A Civil War Biography

Edward Franc Jones

Jones was born 3 January 1828 in Utica, New York. When he was young his family moved to Leicester, Massachusetts, where he attended the public schools. In 1856 he invented a kerosene lamp and established a factory to manufacture his invention. Guided by his skills in manufacturing and sales the business proved extremely successful.

When the war erupted Jones shut down his factory and helped recruit the 6th Massachusetts, the first regiment to respond when, on 15 April 1861, Abraham Lincoln called for troops to put down the rebellion. Led by Jones, the 6th was the first regiment that had to pass through Baltimore, Maryland on the way to Washington, DC. On 19 April 1861 as the Massachusetts troops marched from the President Street station, where trains from the north arrived, to the Camden station, where trains departed heading south towards Washington, a distance of a few miles along Baltimore's inner harbor, a confrontation occurred. No one was ever sure what side starting the shooting but both sides reported casualties. Jones's official report lists 3 dead and 40 wounded. Eventually that death toll would rise to 4. The major of Baltimore, George Brown, claimed 12 civilians killed and dozens others wounded, in what Baltimore still refers to as the "Second Battle of Lexington". Jones and his troops were hurried out of town, leaving behind his dead, wounded, and the regimental band. When Jones and the 6th reached the capital they were greeted by Lincoln who was very worried that without troops in the city, the capital would fall. When the 6th was officially mustered into Federal service on 22 April 1861 Jones was given the rank of colonel in the volunteer service. Jones and his 6th returned to Baltimore on 13 May 1861 part of the troops commanded by Benjamin Butler that were sent to occupy the city. The troops dug in on Federal Hill above the harbor. Jones was recalled to Massachusetts by Governor John A. Andrew and was officially mustered out of service with the 6th on 2 August 1861. He helped raise the 26th Massachusetts infantry regiment and on 28 August 1861 became its colonel. The 26th became part of the Union forces sent to Louisiana and became part of the occupying forces of Forts Jackson and St. Philip after they fell in April 1862. Little is available concerning Jones's further service during the war. One source lists him being discharged on 28 July 1862 but no further explanation is given. Another source simply states he served with distinction throughout the war. The one thing that is certain is he was brevetted brigadier general of volunteers on 13 March 1865 for his war service.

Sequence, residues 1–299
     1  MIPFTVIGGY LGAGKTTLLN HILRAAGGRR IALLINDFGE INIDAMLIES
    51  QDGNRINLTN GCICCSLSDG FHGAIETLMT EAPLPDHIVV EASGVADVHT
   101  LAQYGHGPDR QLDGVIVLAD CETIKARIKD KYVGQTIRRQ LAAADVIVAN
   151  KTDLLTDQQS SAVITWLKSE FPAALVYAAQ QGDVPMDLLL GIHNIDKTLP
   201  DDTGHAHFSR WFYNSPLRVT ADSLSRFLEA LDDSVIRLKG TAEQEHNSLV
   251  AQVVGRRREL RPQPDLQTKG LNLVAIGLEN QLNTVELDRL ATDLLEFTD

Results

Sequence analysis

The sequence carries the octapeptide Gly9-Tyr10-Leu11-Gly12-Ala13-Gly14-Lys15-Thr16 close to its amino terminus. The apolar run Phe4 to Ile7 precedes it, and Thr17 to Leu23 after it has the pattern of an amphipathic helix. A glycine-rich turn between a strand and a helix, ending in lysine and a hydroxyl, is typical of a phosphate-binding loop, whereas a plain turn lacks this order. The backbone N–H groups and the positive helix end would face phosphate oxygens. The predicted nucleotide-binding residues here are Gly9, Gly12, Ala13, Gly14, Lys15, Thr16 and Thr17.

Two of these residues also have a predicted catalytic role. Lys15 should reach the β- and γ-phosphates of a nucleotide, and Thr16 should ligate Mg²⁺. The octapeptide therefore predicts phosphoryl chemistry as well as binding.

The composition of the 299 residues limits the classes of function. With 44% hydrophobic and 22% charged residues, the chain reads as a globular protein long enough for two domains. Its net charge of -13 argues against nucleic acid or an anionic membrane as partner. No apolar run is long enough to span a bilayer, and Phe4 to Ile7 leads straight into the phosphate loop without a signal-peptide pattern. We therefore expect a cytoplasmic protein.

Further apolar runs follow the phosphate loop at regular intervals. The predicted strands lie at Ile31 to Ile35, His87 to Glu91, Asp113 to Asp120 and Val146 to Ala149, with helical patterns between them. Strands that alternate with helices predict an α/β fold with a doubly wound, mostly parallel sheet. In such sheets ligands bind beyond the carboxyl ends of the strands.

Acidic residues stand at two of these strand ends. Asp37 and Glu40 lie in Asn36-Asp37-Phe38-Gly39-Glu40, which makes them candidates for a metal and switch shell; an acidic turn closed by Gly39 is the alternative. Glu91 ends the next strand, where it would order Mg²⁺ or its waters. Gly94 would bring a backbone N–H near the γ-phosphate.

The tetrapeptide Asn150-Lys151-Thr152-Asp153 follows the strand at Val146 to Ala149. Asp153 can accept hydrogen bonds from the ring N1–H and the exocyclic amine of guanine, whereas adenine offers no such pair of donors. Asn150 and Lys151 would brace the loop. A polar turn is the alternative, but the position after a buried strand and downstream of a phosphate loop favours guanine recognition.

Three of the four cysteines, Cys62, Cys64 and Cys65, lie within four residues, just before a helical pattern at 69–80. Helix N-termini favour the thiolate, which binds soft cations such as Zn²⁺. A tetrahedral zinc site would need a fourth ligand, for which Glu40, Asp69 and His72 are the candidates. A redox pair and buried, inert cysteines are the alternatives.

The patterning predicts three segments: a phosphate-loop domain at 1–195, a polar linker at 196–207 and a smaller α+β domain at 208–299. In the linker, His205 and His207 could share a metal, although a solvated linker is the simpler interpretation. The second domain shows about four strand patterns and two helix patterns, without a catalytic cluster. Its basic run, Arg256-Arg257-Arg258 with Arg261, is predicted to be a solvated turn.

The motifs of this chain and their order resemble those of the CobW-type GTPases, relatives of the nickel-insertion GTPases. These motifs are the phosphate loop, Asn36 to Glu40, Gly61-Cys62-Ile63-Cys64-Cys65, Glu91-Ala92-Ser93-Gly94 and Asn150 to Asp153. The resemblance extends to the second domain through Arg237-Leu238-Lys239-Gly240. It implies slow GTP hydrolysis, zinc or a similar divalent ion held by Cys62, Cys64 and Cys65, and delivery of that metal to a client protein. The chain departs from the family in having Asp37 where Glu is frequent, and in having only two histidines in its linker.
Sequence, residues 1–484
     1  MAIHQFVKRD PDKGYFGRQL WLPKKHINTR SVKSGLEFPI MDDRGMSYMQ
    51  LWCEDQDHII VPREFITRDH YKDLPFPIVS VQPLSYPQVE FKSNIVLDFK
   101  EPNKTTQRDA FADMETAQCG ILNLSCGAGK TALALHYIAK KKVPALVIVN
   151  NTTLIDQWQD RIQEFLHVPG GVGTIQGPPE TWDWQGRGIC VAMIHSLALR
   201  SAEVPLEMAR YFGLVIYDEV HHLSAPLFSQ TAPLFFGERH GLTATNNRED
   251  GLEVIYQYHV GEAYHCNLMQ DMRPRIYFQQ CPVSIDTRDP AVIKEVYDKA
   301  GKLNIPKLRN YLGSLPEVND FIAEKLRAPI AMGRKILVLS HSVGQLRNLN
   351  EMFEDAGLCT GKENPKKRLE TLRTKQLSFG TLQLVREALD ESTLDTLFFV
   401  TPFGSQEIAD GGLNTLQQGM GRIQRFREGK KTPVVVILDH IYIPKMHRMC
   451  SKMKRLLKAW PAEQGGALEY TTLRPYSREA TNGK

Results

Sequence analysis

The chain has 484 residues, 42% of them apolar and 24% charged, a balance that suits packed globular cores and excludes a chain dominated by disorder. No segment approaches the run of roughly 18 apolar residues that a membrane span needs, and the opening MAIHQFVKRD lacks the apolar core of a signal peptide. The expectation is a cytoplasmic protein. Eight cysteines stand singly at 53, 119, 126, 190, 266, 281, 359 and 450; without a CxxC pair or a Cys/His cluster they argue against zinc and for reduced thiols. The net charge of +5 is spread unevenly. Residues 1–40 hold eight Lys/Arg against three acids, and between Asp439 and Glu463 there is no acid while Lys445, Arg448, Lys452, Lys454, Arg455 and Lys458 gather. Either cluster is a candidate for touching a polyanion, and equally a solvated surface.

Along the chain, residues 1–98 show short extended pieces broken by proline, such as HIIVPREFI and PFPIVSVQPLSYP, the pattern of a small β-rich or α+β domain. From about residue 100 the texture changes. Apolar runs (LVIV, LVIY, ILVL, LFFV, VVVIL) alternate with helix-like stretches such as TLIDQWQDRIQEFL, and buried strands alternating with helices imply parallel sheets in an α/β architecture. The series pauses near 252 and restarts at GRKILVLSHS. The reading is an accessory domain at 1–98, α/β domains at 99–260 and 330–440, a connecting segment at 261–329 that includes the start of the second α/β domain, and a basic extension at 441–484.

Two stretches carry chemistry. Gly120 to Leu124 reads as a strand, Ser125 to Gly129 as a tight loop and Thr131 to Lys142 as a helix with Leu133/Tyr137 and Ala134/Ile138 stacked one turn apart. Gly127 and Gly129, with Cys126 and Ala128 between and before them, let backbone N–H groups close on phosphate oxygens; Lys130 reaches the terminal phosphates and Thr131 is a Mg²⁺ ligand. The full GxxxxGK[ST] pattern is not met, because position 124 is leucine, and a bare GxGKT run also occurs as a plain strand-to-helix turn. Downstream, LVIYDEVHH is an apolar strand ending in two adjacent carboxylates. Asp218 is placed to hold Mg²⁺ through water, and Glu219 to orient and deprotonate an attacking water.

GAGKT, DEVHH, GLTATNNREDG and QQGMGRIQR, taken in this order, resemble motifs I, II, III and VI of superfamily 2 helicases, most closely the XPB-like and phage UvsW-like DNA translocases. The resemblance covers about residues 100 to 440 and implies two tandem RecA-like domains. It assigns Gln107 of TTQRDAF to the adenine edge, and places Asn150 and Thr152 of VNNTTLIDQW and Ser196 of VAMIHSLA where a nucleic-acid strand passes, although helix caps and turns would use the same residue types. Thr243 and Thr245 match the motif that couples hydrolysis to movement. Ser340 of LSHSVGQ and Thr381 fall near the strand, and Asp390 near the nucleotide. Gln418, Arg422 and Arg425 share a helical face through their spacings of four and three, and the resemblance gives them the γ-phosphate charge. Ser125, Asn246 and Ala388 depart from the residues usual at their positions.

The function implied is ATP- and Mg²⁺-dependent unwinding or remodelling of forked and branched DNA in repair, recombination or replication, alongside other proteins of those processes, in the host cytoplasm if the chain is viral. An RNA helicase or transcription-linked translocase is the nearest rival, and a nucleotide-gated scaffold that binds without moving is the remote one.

Following the war Jones returned to Massachusetts. He was elected to the state legislature in 1865. He settled in Binghamton, New York in1866 where he started a factory to manufacture of scales and farming implements. Again he was very successful in a manufacturing venture. In 1885 he was elected lieutenant governor of New York and served two terms remaining in office until 1892. He returned to running his businesses until after he became blind he was forces to turn over control to his son. He died 14 August 1913 following a stroke of apoplexy. He was a member of many patriotic organizations including the Sons of the American Revolution, the Army and Navy Club of Washington, DC, the Ancient and Honorable Artillery Company of Boston, and the Loyal Legion. He also was an author of some note. His works included "Origin of the Flag," "Richard Baxter." and "Uncle Jerry."

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